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Granite is becoming a popular material for the workshop.  It’s dimensionally stable and corrosion-free, and its polished, slick surface makes it ideal for machine tables, but is it a good material for precision measuring tools?  Steel City seems to think so — they’re selling an angle gauge made from it.

They machine this solid black granite angle gauge to a perpendicular accuracy of .001″ and a tolerance of 0.1° over the entire length of the 45° edge.  Since black granite is the densest granite, you’re not going to see much change over temperature and humidity extremes.

You can purchase this granite angle gauge with its carrying case at Woodcraft for $20.

Steel City Tool Works [Website]
Granite Angle Gauge [Woodcraft]

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6 Responses to Everything Is Better In Granite?

  1. Shopmonger says:

    I want one, just to say I have one,,,, and it looks good for machine setup

  2. threebean says:

    I would like it – from the standpoint of having a shop in a garage that is used throughout the year so my iron tools end up with rust on them. The only downside is that i tend to drop things, so i wonder how long it would stay in one piece.

  3. Stuart D says:

    Since black granite is the densest granite, you’re not going to see much change over temperature and humidity extremes.

    Actually, unless I’m mistaken, granite’s dimensional stability has nothing to do with its density. A large ratio of granite’s composition is silica, which has an extremely low thermal expansion coefficient. As for humidity, granite is non-porous, so there’s no means by which water can be trapped inside.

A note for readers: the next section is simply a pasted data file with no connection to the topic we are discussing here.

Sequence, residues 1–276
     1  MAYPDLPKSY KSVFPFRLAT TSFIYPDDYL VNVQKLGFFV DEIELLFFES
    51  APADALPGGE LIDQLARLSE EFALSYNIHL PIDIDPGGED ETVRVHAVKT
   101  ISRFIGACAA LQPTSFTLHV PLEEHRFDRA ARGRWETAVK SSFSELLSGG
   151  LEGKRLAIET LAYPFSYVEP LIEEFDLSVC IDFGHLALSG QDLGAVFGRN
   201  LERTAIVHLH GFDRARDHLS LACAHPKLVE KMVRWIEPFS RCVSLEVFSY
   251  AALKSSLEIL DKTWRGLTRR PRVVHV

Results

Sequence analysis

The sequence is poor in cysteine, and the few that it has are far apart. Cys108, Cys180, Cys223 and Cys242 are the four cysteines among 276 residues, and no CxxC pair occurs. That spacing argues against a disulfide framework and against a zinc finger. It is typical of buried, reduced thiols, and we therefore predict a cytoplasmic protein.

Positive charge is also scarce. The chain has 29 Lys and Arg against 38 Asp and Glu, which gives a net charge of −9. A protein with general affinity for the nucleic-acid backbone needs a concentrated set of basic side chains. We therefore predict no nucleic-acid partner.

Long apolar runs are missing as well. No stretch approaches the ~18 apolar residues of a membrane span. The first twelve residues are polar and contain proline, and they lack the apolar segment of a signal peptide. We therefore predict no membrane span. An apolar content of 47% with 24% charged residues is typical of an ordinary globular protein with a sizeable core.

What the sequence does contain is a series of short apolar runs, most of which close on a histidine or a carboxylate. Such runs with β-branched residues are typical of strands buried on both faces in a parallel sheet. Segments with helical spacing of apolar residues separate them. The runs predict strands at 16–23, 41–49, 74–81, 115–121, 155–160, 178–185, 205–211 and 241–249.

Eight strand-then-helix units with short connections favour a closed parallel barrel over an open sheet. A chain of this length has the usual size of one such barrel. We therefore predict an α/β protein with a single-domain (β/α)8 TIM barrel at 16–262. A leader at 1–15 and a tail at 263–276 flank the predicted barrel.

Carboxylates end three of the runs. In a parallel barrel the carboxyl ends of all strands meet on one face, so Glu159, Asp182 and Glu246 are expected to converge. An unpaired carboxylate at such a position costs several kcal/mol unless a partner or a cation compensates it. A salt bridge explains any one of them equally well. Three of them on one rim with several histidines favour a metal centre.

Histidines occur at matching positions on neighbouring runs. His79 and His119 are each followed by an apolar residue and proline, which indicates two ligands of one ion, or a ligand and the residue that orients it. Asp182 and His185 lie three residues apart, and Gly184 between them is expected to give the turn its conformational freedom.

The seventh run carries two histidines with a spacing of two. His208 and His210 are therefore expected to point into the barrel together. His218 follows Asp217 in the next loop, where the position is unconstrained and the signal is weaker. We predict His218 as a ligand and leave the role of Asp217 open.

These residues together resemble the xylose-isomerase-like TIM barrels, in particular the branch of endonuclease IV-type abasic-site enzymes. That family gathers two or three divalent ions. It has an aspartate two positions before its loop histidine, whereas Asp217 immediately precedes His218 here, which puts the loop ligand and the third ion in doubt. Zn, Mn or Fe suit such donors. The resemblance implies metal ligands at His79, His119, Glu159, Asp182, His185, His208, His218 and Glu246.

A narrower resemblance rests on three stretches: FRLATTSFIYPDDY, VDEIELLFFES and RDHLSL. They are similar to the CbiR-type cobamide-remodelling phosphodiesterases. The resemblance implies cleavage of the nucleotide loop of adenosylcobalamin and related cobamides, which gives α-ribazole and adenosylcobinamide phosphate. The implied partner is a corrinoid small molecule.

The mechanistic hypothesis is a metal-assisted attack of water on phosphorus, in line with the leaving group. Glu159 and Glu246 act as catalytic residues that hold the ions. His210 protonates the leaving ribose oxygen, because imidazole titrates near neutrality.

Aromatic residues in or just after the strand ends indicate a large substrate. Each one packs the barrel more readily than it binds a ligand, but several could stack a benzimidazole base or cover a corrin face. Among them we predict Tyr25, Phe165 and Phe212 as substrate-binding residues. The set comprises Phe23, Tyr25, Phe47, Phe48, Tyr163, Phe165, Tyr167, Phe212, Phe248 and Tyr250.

Anyways, I don’t think I would use something like this as I would be too afraid of chipping or otherwise damaging it.

  4. @Stuart D:

    You may be right about density and dimensional stability. I think I misinterpreted the information on the Woodcraft site — although checking back at the original text they seem to imply it.

    Maybe they’re trying to claim that the denser granite can be ground to higher tolerances than a less dense (and maybe coarser) granite.

  5. Stuey says:

    Ben,

    I think that they’re implying that a granite gauge is more accurate than a homemade wooden one, or perhaps even commercially available steel or plastic gauges as well.

  6. PeterP says:

    All I know is that the Steel City granite table saw is sweet. Dunno if it’s worth it, but sweet anyway.

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